As parents we are responsible for teaching our children many important life skills and equipping them with the ability to make smart decisions. Teach young children about budgeting and how to manage their finances is one of the more important life skills we must pass on. Many parents wonder when they should begin to teach their children about money, and the truth is, as soon as they can count. Good spending and saving habits begin at a young age and last a lifetime.
How To Teach Young Children Financial Responsibility
Be Their Role Model – Children see and hear me than you may think, and often follow their parent’s example. The first step to teaching your children the value of money and the importance of budgeting is to show them how you create your budget, pay the bills and save money. You can easily extend these lessons by taking your children with you to the bank, and give them a simple lesson on how the bank works (put money in to take money out). Next you may want to teach them how and why you are depositing money into a savings account. Finally, you can explain how saving that money will benefit you and your family down the road.
Have Your Children Participate – Grocery shopping is often the first exposure to using money a child has. Starting as early as 4 or 5 you can ask your children to help you at the store. Help them count out the dollar bills and change needed to make your purchases. Elementary school age children can be given the task of looking at the price tags of various products and comparing between the brands. They can practice their number recognition while choosing which one has the lowest price. You can also ask for their help before heading out to the store by giving them the task of looking in the Sunday paper for coupons to clip that the family can use on an upcoming trip to the store. Finally children as young as the third grade can help you create a family budget for the grocery store by looking up prices in your price book and writing them next to each item on your grocery list before tallying them up creating the budget for your grocery shopping trip.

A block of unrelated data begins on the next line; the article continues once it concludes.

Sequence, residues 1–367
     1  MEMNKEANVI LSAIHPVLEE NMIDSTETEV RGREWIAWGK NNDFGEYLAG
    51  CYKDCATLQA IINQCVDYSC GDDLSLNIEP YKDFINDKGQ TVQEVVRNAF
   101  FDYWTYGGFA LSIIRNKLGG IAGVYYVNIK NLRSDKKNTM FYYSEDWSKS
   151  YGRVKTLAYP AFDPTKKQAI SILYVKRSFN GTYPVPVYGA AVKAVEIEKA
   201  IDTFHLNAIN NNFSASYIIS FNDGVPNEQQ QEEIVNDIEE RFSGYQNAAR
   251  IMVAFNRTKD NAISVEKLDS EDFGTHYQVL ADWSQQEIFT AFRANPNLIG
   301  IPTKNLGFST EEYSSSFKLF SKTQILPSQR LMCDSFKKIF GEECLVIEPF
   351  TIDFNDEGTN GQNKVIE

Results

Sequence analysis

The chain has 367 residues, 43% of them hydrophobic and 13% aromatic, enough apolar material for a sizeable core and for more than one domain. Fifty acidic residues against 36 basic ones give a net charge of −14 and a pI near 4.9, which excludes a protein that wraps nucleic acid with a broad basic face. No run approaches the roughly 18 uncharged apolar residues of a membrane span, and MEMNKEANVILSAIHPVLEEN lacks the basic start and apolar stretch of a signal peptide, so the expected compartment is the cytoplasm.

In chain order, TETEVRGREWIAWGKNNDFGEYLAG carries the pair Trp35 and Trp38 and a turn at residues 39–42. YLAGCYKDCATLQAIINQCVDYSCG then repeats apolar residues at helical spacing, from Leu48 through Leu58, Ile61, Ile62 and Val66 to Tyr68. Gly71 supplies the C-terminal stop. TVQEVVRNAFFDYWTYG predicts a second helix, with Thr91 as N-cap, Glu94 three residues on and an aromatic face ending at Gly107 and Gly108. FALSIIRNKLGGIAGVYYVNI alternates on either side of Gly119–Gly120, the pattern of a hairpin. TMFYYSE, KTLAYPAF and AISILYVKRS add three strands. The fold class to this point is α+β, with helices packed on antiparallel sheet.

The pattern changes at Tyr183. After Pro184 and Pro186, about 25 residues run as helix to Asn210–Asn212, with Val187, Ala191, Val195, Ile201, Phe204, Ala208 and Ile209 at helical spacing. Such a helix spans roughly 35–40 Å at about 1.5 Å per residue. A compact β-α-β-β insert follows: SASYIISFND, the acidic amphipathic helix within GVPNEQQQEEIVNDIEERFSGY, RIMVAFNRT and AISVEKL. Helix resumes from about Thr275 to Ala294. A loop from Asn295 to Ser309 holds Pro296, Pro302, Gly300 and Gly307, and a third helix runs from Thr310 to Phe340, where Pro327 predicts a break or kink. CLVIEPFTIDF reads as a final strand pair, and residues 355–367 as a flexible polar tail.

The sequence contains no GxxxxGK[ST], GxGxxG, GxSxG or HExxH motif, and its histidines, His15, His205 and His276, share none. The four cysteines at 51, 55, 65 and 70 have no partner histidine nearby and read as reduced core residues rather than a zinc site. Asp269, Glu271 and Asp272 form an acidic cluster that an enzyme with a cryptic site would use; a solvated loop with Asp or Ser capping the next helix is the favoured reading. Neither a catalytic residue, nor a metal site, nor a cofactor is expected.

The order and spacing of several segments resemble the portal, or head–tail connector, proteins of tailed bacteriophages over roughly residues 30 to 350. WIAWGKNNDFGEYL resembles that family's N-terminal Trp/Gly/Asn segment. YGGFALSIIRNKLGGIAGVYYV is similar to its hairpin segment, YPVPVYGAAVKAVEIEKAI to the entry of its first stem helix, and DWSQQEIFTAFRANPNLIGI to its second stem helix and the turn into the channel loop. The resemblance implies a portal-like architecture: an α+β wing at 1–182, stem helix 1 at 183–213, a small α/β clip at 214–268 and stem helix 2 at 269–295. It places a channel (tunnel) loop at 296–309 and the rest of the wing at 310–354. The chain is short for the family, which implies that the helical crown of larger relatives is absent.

Let Them Earn A Paycheck – Allowing your children to earn their own money through chores they can do around the house is a great way for them to understand how earning money works in the real world. Once a week give them their paycheck. Make sure to pay them with both bills and coins that way they can learn to split the money in a way that will last them the week. You can help your young child learn to budget by giving them guidance on how much to save for any upcoming even they want to participate in. If they have not budgeted wisely they may come asking for more. When this happens (and it will) you have a choice to make. Tell them no so that they learn to budget their money better the next time or loan them the difference with the expectation that they will pay you back out of their next paycheck before they can spend any of their earned income.
Encourage Them To Save – If your kids, like mine, are still young giving them a piggy bank as a safe place to save their money is a great idea. They will be excited to have their very own bank and it will encourage them to start saving. As your children get a little older, around seven, you can help them open their own savings account. Help them build up their savings with a goal to purchase a larger item, or to help pay for camp or another trip. Keeping track of their money in a savings account ledger will not only encourage them to keep going but help them practice their basic math skills.
These four simple steps are the easiest ways to teach young children about budgeting. By incorporating them into your every day lives and leading by example your children can grow into financially savvy young adults. Who will hopefully avoid many of the pitfalls we often stumble on.
This is the first in a two part series on teaching children how to budget. These early lessons are an important part of building a solid financial foundation that can help our children build wealth instead of working to dig themselves out of debt.
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